- Europe & Eurasia. Countries like the United Kingdom, Italy, Spain, and France have always attracted the highest number of US students. Rising numbers have also been seen in countries like Denmark and Georgia.
- Near East. Countries like Bahrain, Israel, Morocco, and Algeria receive the highest number of US students in this region.
- Africa (Sub-Sahara). US students have primarily chosen the regions of Southern Africa and East Africa. West Africa and Central Africa also received a significant number of US students.
- Western Hemisphere. The Caribbean region received the most US students in countries like Cuba and the Dominican Republic. Central America receives most US students in countries like Costa Rica and Panama; meanwhile, South America has an increased number of US students in countries like Brazil and Peru.
East Asia & The Pacific. The region of East Asia received the most American students in countries like China, Japan, and South Korea. On the other hand, in Southeast Asia, the countries with the most American students include Thailand and Singapore.
If you need any kind of passport service or information, you will be able to access many of the services online on the Travel State Government website.
Here are the passport services you can access from the comfort of your home:
- Find passport forms.
- Find the form you need.
- Download and fill out the form.
- Locate passport facilities.
- Check passport application status.
- Report lost/stolen passports.
- Rush passport processing.
I Need a Passport
If you are still within the US and you need to apply for a passport, you will have to apply in person at a passport acceptance facility. The form you use will depend on specific circumstances. For example:
You will need to fill out a Form DS-11 if:
- You are applying for your first US passport.
- Your previous US passport was issued when you were under 16 years old.
- Your previous US passport was lost, stolen, or otherwise damaged.
- Your previous US passport was issued more than 15 years ago.
You will need to fill out a Form DS-82 if:
- If neither of the above statements applies to you.
Here’s what you will need to apply for a US passport:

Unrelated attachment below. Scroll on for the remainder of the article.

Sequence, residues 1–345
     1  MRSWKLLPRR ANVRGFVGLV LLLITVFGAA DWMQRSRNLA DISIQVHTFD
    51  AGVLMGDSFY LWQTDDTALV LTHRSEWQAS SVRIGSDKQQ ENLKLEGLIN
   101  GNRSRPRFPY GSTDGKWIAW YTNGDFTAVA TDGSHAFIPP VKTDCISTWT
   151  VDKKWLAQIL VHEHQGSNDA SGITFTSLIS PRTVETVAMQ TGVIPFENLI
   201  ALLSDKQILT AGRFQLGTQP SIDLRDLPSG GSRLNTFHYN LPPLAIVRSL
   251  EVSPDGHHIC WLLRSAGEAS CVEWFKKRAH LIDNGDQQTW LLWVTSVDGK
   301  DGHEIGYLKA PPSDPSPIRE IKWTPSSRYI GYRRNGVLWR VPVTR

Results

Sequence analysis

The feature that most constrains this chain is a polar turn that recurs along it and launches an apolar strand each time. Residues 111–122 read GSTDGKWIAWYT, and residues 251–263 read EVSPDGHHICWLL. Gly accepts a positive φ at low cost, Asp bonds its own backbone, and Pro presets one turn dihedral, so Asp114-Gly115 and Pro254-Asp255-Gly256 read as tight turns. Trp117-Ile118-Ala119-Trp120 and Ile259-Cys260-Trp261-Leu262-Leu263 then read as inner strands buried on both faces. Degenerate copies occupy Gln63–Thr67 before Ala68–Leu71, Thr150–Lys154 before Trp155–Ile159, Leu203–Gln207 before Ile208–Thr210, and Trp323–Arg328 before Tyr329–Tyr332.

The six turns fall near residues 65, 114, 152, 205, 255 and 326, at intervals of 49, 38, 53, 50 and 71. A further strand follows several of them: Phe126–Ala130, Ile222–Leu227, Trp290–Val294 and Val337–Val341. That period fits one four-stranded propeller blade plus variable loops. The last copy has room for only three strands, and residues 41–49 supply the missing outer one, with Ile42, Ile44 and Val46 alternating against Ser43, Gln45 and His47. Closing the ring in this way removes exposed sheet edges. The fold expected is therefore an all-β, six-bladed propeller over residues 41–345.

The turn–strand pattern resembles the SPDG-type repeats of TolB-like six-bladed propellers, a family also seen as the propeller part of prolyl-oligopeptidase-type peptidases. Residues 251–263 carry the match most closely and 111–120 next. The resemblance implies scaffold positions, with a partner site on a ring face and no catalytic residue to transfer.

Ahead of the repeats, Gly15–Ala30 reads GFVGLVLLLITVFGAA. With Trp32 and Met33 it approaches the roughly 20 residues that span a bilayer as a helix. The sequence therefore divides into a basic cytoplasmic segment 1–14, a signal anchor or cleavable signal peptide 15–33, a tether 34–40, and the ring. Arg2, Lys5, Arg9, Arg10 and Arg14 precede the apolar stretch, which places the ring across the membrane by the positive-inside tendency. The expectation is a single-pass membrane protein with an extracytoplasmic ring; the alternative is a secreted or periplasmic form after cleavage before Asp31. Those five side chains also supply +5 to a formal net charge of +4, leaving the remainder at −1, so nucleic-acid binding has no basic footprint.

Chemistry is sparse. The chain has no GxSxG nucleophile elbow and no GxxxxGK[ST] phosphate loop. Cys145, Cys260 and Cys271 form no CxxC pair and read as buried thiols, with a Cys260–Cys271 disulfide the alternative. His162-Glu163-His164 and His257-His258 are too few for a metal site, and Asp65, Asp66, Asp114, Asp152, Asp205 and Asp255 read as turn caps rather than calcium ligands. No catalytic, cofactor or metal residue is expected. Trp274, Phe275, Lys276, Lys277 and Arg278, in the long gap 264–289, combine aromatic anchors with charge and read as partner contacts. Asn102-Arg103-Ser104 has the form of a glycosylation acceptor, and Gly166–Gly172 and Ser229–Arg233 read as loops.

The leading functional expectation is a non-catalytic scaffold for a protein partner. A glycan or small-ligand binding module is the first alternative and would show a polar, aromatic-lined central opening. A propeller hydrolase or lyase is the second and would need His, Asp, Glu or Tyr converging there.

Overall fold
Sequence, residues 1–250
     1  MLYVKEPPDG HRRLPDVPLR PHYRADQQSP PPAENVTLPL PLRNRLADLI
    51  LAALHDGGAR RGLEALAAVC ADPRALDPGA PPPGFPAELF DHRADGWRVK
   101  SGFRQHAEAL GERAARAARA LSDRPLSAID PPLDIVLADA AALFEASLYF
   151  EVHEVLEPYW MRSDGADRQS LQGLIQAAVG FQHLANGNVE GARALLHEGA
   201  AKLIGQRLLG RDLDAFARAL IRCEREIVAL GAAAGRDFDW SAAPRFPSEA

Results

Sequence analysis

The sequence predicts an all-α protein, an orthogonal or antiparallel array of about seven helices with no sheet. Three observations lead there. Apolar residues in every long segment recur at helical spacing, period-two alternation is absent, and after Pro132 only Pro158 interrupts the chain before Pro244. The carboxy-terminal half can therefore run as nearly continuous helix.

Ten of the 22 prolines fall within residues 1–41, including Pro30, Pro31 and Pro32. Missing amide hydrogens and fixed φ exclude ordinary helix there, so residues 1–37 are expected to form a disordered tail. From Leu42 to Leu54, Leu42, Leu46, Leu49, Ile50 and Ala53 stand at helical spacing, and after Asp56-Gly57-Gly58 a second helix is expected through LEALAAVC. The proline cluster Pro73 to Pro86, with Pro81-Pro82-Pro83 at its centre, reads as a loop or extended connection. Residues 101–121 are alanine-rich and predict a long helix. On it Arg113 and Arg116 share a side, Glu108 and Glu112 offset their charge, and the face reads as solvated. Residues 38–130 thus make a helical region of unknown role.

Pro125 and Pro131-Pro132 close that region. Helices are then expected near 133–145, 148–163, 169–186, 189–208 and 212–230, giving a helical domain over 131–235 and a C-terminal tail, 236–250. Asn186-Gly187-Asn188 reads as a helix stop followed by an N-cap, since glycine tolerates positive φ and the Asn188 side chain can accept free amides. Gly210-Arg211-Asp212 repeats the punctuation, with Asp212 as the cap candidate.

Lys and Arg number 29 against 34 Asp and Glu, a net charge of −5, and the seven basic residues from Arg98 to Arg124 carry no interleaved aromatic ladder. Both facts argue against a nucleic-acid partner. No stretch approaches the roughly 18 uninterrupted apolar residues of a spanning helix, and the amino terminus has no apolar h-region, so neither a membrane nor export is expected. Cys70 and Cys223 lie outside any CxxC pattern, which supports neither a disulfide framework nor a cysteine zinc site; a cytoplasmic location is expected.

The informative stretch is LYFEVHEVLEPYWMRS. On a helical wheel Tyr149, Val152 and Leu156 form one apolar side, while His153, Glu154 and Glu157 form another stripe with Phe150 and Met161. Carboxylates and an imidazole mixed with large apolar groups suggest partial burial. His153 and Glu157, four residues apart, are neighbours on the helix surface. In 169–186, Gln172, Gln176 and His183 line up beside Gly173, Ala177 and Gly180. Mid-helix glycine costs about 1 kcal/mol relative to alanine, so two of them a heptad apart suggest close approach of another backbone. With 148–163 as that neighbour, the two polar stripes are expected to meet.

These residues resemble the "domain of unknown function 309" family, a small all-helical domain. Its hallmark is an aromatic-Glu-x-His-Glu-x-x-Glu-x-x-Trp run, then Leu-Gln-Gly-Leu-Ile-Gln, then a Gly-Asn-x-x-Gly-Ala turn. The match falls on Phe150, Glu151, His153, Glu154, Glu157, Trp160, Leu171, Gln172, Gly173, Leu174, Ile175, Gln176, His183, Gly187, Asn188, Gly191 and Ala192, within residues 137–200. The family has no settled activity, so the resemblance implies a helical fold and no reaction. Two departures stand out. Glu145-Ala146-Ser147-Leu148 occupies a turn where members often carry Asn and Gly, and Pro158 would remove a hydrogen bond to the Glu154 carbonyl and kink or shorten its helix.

- Fill out the necessary form.
- Provide evidence of US citizenship.
- Provide a photocopy of US citizenship evidence.
- Show your identification documents (ID).
- Submit photocopies of each ID you provide.
- Provide a photo of yourself.
- Pay an application fee and an execution (acceptance) fee.
- Submit your application at a passport acceptance facility.
My Passport Was Lost/Stolen
If your passport was lost or stolen while you were in the US or after you went abroad, the first thing you should do is report it. Depending on where you currently are (within the US or abroad), you can report your passport lost/stolen in a few different ways. See below.
Was your passport stolen/lost while you were still in the US?
If your passport was stolen/lost while you were still in the US, here’s how you can report it.
- Report it online. You will have to use this tool.
- Report it by mail. You will have to complete, sign, and mail a Form DS-64.
- Report it by phone. By dialing 1-877-487-2778 (TTY 1-888-874-7793).
Note: To replace your stolen/lost passport, you will have to fill out and submit Form DS-11 in person.
Was your passport stolen/lost after you went abroad?
If your passport was stolen/lost after you went abroad, you must contact the nearest US embassy or consulate to replace it. You must have your passport replaced before heading back to the United States.
The embassy/consulate will ask you to submit the following documents:
- Passport photo.
- Identification documents (ID).
- Evidence of US citizenship.
- Police report (if applicable).
- Travel itinerary.
- Form DS-11 Application for Passport.
- Form DS-64 Statement Regarding a Lost or Stolen Passport.
Keep in mind: You may complete Form DS-11 and Form DS-64 at the time of application.
My Passport Needs Renewal
You can renew your passport by mail only if you meet all of the following five requirements.
- You still have your passport.
- The passport is undamaged (apart from the damage that accumulates with time).
- Your passport was issued when you were 16 (or older).
- Your passport was issued within the last 15 years.
- Your passport has your current name on it. If not, make sure you can prove the name change.
Here are the steps you need to take to renew your passport by mail:
- Fill out Form DS-82.
- Provide your most recent passport.
- Provide name change documents.
- Provide photo.
- Pay the application and/or expedited service fee.
- Mail the application.
Keep in mind:
- If you are currently outside of the United States and need to renew your US passport, you should visit the nearest US embassy or consulate.